Sonix Technology Co., Ltd. v. Publications International, Ltd. et al.

Docket No. 2016-1449

January 5, 2017

Brief Summary: DC decision that “visually negligible” is indefinite reversed as the meaning of the term is not “purely subjective” in view of the specification and prosecution history.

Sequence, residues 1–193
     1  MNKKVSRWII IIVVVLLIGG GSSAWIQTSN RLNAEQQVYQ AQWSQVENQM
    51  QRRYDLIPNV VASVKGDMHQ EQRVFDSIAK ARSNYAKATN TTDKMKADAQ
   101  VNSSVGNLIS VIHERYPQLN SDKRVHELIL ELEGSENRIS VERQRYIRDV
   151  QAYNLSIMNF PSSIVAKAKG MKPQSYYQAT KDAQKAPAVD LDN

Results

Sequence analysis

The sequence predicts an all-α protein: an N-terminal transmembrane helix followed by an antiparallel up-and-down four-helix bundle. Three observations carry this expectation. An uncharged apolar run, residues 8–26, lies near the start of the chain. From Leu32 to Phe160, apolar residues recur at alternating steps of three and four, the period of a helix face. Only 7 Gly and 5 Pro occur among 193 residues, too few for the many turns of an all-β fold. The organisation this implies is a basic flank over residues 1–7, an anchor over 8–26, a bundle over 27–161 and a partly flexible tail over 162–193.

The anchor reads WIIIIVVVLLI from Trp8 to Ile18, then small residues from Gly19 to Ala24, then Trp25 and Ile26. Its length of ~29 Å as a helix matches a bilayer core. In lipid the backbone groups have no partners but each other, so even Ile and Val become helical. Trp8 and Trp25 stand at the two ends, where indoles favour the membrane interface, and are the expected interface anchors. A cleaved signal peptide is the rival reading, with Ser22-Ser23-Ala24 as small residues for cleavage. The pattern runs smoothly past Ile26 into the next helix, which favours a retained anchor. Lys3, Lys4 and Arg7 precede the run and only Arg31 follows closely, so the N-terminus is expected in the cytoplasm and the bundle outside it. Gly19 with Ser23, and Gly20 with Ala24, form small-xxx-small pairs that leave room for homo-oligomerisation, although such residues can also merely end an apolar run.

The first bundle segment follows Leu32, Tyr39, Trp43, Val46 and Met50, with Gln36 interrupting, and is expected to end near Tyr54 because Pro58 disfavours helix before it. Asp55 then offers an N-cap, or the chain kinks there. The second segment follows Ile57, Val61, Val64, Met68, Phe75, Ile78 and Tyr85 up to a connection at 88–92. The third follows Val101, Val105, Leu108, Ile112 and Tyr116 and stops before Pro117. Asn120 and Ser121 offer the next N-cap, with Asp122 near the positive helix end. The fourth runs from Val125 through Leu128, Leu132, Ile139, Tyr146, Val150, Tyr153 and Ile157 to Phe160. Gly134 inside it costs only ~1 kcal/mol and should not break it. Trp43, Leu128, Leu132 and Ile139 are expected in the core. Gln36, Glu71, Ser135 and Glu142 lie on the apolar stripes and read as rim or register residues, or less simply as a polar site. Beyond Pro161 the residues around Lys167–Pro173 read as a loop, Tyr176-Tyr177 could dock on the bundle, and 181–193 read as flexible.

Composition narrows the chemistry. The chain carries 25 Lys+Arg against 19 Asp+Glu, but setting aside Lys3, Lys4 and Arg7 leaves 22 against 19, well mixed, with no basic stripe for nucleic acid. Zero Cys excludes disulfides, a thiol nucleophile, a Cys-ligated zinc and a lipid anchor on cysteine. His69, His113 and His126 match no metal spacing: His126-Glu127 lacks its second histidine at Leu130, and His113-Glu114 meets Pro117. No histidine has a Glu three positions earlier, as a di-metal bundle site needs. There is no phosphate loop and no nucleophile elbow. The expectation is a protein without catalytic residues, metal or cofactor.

Summary: Sonix appealed from DC grant of SJ after determining certain claims of US 7,328,845 (previously confirmed in two ex parte reexaminations) relating to “a system and method for using a graphical indicator’ (e.g., a matrix of small dots) to encode information on the surface of an object” (e.g., “illustrations or icons in a children’s book”) and an “optical device” invalid because the term “visually negligible” is indefinite (§ 112, para. 2). The ‘845 patent is described as improving on conventional methods of using “graphical indicators” such as bar codes by rendering such indicators “visually neglible” (e.g., no visible bar code on the cover of a book). “Visually neglible” was not construed by the DC as the parties agreed to the “ordinary-meaning construction”, although it “was used repeatedly in…expert reports”, and the court eventually held the term to be indefinite as “purely subjective” (“the claim language does not provide guidance on its meaning”, the “written description does not provide a person of ordinary skill in the art ‘with a meaning that is reasonably certain and defines objective boundaries’ of the claim scope” (Datamize, FC 2005), and “extrinsic evidence ‘highlights the problem with the subjective nature” of the term (although it also explained this evidence was not necessary to its conclusion); “present case…more similar to those concluding the claims were indefinite than to those holding otherwise. The FC reviews DC determination of invalidity de novo and its factual findings for clear error (Cox, FC 2016). It explained that the DC’s “conclusions of subjectivity and lack of an objective standard are not findings subject to clear error review; instead, they are conclusions relating to the meaning of the intrinsic evidence, and whether it conveys claim meaning with reasonable certainty” (“Teva II”, FC 2015). Under Nautilus (US 2014), “a patent’s claims, view in light of the specification and prosecution history” must “inform those skilled in the art about the scope of the invention with reasonable certainty” (“absolute precision is unattainable…we have rejected the proposition that claims involving terms of degree are inherently indefinite” (Interval Licensing, FC 2014 (“in an unobtrusive manner that does not distract a user” indefinite as “purely subjective”; Enzo, FC 2010 (“not interfering substantially” not indefinite); Datamize, FC 2005 (“aesthetically pleasing” indefinite) and “indefiniteness must be proven by clear and convincing evidence.” It also explained that “Datamize and Interval Licensing involved terms that were subjective in the sense that they turned on a person’s tastes or opinion” but that, here, “whether something is ‘visually negligible’ or…interferes with a user’s perception…involves what can be seen by the human eye…an objective baseline through which to interpret the claims” (Warsaw Orth., FC 2015). It found that while “the term may be a term of degree, it is not ‘purely subjective’” and the specification includes a “level of detail…closer to that provided in Enzo…guidance on how to create visually-negligible indicators, and specific examples that provide points of comparison for the result.” It also found the prosecution history supported a reversal of the DC decision since “[n]o one involved in either the first or second reexamination had any apparent difficulty in determining the scope of ‘visually negligible’” (also pointing to “[t]he examiner’s knowing allowance”) and that “[t]he parties’ experts also had no difficulty in applying” the term. Thus, the DC decision was reversed.

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